Figure 5 GO functions enrichment.

Figure 6 KEGG pathways analysis of overlapping target genes (top 20). (A) Bar chart of KEGG; (B) Bubble chart of KEGG.

Drug-Molecular-Target-Disease Network

As is shown in Figure 7, the DMTD network diagram containing 77 node and 448 edges, including 33 molecules (the targets of the two molecules were not overlapped with disease’s targets) and 42 targets proteins. In the picture, the disease and targets are in the left half, and the drug and active ingredients are in the right half. The interaction between the targets of active components of SE and DM is shown in the network diagram, and the color of nodes represents the degree of interaction. The deeper color represented a greater interaction degree.

Figure 7 Drug-molecular-target-disease network diagram. The color of nodes represents the value of degree, and the deeper color represented a greater interaction degree.

Effect of SEE on Glucose Consumption in IR HepG2 Cells

As shown in Figure 8A, after treating with SEE at the concentration of 3.2 mg/mL, the viability of HepG2 cells was significantly reduced, and no significant cytotoxicity was observed at concentrations below 3.2 mg/mL of SEE compared with normal cells, suggesting that it was safe for HepG2 cells with SEE treatment lower than 3.2 mg/mL.

Figure 8 Effects of SEE on cell viability and glucose uptake in high insulin-induced IR-HepG2 cells. (A) Cell viability of HepG2 cells cultured in different concentrations of SEE from 0 to 3.2 μg/mL for 24 h. (B) Glucose consumption of IR HepG2 cells incubated with or without SEE (0.4, 0.8, 1.6 μg/mL) for 24 h. ***p < 0.001 vs the model group.

As shown in Figure 8B, SEE at the concentration of 1.6 mg/mL significantly increased the glucose consumption in IR HepG2 cells, compared to the model group (P < 0.001). Thus, SEE (1.6, 0.8 and 0.4 mg/mL) may prevent the decrease of glucose consumption stimulated by high insulin in IR HepG2 cells (P < 0.001).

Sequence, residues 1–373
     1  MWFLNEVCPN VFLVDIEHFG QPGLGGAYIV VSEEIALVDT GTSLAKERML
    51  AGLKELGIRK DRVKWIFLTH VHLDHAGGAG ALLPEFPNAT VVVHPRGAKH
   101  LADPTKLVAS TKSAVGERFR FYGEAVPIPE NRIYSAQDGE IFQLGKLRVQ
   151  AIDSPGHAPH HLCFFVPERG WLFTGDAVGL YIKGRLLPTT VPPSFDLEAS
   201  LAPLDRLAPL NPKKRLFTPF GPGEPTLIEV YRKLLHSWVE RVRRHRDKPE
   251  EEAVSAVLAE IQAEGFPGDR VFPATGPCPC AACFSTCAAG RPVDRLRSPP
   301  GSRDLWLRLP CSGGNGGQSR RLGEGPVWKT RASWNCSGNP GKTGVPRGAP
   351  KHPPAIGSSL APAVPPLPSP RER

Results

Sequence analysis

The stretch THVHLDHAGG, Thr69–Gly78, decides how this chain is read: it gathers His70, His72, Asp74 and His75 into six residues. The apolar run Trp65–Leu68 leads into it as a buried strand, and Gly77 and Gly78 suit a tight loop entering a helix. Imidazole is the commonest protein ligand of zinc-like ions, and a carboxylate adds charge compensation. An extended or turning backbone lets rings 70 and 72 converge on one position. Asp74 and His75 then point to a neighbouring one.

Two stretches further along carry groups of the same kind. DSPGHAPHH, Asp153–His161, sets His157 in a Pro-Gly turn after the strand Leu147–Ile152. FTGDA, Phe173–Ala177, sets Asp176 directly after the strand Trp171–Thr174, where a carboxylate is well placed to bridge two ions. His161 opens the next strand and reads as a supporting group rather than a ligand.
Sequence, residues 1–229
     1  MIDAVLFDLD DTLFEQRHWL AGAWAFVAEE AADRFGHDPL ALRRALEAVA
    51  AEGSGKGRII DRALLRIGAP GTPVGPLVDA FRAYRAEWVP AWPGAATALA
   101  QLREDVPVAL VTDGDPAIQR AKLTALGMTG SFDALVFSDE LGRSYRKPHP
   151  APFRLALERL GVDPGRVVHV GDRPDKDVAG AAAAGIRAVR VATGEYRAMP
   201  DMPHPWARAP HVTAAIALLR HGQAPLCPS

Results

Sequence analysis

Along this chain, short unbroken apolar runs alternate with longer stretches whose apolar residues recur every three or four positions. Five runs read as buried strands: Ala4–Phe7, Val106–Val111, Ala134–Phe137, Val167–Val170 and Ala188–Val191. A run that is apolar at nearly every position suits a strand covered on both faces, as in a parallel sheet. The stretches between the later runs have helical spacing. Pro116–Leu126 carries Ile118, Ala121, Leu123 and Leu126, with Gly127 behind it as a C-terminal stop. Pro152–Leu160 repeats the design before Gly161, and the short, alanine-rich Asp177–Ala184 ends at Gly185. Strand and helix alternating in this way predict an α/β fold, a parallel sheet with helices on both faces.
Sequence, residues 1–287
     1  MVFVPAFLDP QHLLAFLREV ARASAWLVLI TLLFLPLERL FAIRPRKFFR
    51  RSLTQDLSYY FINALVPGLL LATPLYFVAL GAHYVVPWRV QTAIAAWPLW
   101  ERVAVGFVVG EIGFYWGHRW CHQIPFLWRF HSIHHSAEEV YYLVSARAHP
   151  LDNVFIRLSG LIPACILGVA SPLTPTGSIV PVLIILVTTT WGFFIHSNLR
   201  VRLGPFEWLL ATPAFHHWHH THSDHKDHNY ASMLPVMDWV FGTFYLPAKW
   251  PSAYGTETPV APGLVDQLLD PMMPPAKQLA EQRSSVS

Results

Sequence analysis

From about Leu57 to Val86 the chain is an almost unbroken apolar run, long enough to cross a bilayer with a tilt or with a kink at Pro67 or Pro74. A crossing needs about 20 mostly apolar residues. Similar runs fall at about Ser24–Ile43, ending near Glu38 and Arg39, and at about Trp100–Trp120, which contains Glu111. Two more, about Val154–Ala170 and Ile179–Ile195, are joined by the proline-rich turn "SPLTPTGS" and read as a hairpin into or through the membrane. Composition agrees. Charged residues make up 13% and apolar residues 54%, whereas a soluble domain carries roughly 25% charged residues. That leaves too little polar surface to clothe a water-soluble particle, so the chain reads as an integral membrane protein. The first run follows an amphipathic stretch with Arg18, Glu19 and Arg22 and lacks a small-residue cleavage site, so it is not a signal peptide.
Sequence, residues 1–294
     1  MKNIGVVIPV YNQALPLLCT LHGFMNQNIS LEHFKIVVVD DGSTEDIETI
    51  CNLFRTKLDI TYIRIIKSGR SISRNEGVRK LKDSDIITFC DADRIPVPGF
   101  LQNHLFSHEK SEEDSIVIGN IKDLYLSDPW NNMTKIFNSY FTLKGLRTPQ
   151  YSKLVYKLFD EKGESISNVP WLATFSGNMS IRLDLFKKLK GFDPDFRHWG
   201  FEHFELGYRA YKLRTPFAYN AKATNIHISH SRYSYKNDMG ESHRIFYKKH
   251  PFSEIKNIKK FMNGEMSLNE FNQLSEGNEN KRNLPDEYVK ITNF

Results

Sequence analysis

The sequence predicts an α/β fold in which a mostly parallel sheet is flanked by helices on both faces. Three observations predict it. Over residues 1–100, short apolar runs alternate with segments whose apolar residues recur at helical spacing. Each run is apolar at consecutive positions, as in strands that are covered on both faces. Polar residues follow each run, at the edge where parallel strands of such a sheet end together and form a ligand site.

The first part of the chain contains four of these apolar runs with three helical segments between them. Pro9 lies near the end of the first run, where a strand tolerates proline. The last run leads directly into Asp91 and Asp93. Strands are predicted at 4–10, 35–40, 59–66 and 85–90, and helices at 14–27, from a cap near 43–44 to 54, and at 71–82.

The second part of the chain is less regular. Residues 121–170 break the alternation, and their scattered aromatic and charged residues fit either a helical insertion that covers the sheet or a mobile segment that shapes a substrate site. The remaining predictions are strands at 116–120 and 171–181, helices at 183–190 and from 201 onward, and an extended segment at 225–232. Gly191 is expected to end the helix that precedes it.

SEE Reduces Lipogenesis in IR HepG2 Cells

As shown in Figure 9, effects of SEE on intracellular lipogenesis were determined in the IR-HepG2 cells. The oil red O (ORO) staining revealed a severe steatosis in high insulin-induced IR HepG2 cells, compared to the untreated control cells. Lipid accumulation in the cells treated with SE (0.4, 0.8, and 1.6 mg/mL) was significantly reduced with a concentration-dependent manner.

Figure 9 Effect of SEE on lipogenesis in IR-HepG2 cells. The red represents the lipid droplets, and blue represents the nucleus.

Abbreviation: SE, silkworm excrement.

SEE Up-Regulates AMPK/PI3K/Akt Signaling in IR-HepG2 Cells

As shown in Figure 10, the expressions of PI3K, p-PI3K, AKT, p-AKT, AMPK and p-AMPK in HepG2 cells were down-regulated after stimulation with high-glucose DMEM and recombinant human insulin, compared to normal cells. However, SEE treatment (1.6mg/mL) up-regulated the expressions of PI3K, p-PI3K, Akt, p-AKT, AMPK and p-AMPK, compared with the model group, suggesting that SEE treatment could activate the AMPK/PI3K/Akt signaling in IR HepG2 cells.

Figure 10 Effect of SEE on protein expressions of AMPK/PI3K/Akt in IR - HepG2 cells.

Abbreviations: PI3K, phosphoinositide 3‐kinase; p-PI3K, phosphorylation PI3K; Akt, protein kinase B; p-Akt, phosphorylation Akt; AMPK, 5′-adenosine monophosphate-activated protein kinase; p-AMPK, phosphorylation AMPK; SE, silkworm excrement.